The Bookbag

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The Bookbag

Hello from The Bookbag, a book review site, featuring books from all the many walks of literary life - fiction, biography, crime, cookery and anything else that takes our fancy. At Bookbag Towers the bookbag sits at the side of the desk. It's the bag we take to the library and the bookshop. Sometimes it holds the latest releases, but at other times there'll be old favourites, books for the children, books for the home. They're sometimes our own books or books from the local library. They're often books sent to us by publishers and we promise to tell you exactly what we think about them. You might not want to read through a full review, so we'll give you a quick review which summarises what we felt about the book and tells you whether or not we think you should buy or borrow it. There are also lots of author interviews, and all sorts of top tens - all of which you can find on our features page. If you're stuck for something to read, check out the recommendations page.

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Nod by Adrian Barnes

4.5star.jpg Dystopian Fiction

For anyone who has suffered from insomnia, the idea of a world with no sleep is an unsettling place as it feels so real. The thought of having to drag yourself to work after a night with no sleep is bad enough, but what about two nights, or three, or four? Society will crumble if everyone missed five meals in a row, but what would happen if we all missed five nights of sleep? If you end up in the land of Nod, we are all in trouble. Full review...

The Gessami Residence by Jane L Gibson

3star.jpg Women's Fiction

Jenny Walker has been a widow for three years. She's had support from her parents (Dad's still a bit protective), her two sons, who are at university, and her three girl friends. The four women have had a meal together every week but now they've decided to go on holiday for a fortnight. One of the women - Rose - is in the business so she's in charge of making the arrangements and she insists that they have to turn up at the airport before they find out their destination. Ibiza wasn't quite what they were expecting, but then three of the four women are unattached (Amanda is married - in an unenthusiastic sort of way) and they all like to drink and flirt. What couldn't go right? Full review...

Electrigirl by Jo Cotterill and Cathy Brett

4star.jpg Confident Readers

Holly Sparkes is an ordinary 11-year-old schoolgirl, until she is struck by a mysterious bolt of lightning and then everything changes and she becomes extraordinary! Just like one of the characters in her brother's much loved comics Holly has developed superpowers. Holly can generate a massive amount of electricity in seconds, a skill that can, as Holly discovers, cause mayhem unless she can learn to control it. Her brother Joe, an expert in these things, decides to become her mentor and together they resolve to use Holly's new powers to good effect. They get the opportunity sooner than they expect with the arrival in their town of the company CyberSky and the sinister Professor Macavity. Full review...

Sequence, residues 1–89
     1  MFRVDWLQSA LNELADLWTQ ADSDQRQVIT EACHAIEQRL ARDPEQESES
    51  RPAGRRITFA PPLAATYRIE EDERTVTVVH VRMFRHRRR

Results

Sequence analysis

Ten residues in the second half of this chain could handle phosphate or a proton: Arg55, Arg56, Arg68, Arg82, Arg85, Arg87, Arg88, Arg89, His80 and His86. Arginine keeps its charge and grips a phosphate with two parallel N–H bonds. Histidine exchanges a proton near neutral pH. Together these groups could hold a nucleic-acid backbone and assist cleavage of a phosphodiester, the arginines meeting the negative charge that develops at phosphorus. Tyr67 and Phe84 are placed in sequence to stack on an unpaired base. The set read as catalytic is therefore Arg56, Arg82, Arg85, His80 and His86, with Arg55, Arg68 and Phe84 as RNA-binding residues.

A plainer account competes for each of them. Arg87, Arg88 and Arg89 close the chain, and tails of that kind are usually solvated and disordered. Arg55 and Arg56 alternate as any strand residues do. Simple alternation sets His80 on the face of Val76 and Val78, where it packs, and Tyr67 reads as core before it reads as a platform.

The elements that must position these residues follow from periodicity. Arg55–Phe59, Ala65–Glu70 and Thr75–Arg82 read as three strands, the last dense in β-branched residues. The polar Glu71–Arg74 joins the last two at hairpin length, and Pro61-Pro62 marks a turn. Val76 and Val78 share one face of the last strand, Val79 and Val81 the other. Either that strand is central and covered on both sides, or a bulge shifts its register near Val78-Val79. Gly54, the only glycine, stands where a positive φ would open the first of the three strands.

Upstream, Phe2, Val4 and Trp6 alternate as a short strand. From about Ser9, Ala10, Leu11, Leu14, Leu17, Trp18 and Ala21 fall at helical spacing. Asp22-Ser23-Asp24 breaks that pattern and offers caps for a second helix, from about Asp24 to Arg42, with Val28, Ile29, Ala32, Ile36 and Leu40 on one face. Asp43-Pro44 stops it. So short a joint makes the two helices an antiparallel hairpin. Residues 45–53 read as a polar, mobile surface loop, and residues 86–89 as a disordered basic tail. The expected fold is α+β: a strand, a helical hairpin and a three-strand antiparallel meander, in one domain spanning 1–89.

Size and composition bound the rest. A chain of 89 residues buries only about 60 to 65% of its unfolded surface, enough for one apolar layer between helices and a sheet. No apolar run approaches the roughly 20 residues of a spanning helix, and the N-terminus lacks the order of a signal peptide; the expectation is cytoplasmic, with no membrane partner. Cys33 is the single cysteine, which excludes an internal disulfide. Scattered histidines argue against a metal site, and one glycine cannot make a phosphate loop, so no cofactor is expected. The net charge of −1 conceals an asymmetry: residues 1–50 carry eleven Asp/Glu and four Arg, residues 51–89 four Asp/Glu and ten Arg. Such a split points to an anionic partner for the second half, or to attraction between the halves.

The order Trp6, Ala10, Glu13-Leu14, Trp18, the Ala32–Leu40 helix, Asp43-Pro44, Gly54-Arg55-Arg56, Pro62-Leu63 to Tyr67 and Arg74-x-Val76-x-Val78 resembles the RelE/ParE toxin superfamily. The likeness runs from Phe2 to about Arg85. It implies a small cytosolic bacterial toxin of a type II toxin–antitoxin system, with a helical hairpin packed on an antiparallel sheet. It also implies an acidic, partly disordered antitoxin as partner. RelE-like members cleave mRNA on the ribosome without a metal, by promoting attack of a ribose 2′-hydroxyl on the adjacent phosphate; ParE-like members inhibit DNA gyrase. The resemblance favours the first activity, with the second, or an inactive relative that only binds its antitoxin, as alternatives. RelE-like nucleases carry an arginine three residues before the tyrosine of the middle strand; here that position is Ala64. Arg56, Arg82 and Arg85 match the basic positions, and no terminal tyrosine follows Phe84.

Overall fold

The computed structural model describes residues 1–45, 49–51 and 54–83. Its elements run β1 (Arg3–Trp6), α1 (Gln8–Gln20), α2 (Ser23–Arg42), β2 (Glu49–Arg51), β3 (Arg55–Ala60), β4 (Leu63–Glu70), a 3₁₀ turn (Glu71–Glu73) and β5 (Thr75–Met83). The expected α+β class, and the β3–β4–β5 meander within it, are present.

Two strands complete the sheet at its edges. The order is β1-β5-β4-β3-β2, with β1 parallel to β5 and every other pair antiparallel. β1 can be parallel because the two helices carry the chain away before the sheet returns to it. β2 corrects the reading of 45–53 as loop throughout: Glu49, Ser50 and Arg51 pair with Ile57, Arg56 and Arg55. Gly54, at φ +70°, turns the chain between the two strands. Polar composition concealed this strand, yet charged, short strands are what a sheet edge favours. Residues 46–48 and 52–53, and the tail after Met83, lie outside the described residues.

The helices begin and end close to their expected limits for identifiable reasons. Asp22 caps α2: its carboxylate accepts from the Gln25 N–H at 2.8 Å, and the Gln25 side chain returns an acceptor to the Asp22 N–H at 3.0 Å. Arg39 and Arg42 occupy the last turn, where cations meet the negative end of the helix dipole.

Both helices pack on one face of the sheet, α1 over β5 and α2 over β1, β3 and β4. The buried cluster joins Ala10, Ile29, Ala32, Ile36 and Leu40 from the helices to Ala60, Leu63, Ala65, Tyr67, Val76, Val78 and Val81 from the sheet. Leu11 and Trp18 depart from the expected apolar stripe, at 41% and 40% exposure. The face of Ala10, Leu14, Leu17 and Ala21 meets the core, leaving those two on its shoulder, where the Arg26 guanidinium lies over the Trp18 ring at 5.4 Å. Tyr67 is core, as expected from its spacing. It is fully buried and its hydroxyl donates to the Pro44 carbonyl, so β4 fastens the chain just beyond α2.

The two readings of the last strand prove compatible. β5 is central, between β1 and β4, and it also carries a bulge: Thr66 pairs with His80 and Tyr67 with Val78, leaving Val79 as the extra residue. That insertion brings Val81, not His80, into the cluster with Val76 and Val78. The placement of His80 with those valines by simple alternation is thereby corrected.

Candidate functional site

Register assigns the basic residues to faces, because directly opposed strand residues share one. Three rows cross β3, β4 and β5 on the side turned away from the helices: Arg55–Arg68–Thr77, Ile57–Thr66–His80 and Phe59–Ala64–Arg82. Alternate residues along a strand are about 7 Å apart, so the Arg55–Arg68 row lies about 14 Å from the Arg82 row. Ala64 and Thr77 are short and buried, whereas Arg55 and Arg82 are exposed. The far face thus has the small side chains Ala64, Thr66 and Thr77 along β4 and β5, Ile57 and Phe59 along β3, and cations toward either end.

All The Stars In The Heavens by Adriana Trigiani

4star.jpg General Fiction

It was 1935 and Loretta Young wanted fame and success in Hollywood. Part of it was being young (just twenty one) and beautiful but she was also conscious that the money she brought in mattered to her family. She was hungry for love too: her father had left when she was young. Her step-father had done little better and there was a need for a man she could love and look up to. She developed a reputation for falling in love with her leading men: first it was Spencer Tracy but on the set of The Call of the Wild she fell for Clark Gable - and he for her. Full review...

I Am Bear by Ben Bailey Smith and Sav Akyuz

5star.jpg For Sharing

The first time we meet Bear he is bare! Imagine – a naked animal, in the forest with his bottom on display. Squirrel is so shocked he's dropped his nuts. Ooh matron. Full review...

The Possibilities by Kaui Hart Hemmings

3.5star.jpg General Fiction

Sarah's son has just died in an avalanche and as such this is a book very much about bereavement and grieving and what next. It's odd to think that a basis of personal tragedy made this an intriguing read, but that was the case. Full review...

War and Peace by Leo Tolstoy

4.5star.jpg Historical Fiction

1805: Napoleon Bonaparte is on the way to conquering Europe while what's left of Europe (including the Russian army led by Tsar Alexander) stands in his way. Prince Andrei Bolkonsky quickly gets a reputation as military hero although few know this is allied to his death wish. Meanwhile back in Russia the remaining aristocracy have no doubt that their motherland will win and so they continue with daily life. Pierre, the illegitimate son of Count Bezukhoff buries his life in wine, women, song and more wine but the death of his father takes him on a journey to find happiness, the long way round. 12-year-old Natasha Rostov dreams of love and happiness, searching with age-related exuberance and inexperience. The older generation are there to help and hinder as they take their places as pawns and puppeteers in the manipulation and social climbing that's become second nature… that is until the tide of war changes. Full review...

Little One by Jo Weaver

3.5star.jpg For Sharing

There is a subtle balance needed when finding a book to read to a toddler; one that takes into account the needs of the child, but perhaps also the needs of the adult. Do you really want to be stuck reading an ugly book about a pair of underpants for several months? (Oops we seem to have lost that book!) However, a book with striking visuals that strikes a chord with a parent may not always chime with a child. Is a children's book always meant to be just for kids? Full review...

City of the Lost by Kelley Armstrong

3.5star.jpg Crime

Detective Casey Duncan has a dark past, and it's about to catch up with her. When her best friend Diana is attacked by an abusive ex, the two women realise they have to disappear, fast. And they need sanctuary. Diana's heard of a hidden town that's so remote it's almost impossible to reach. A town that desperately needs a new detective. Full review...

3, 2, 1... Draw! by Serge Bloch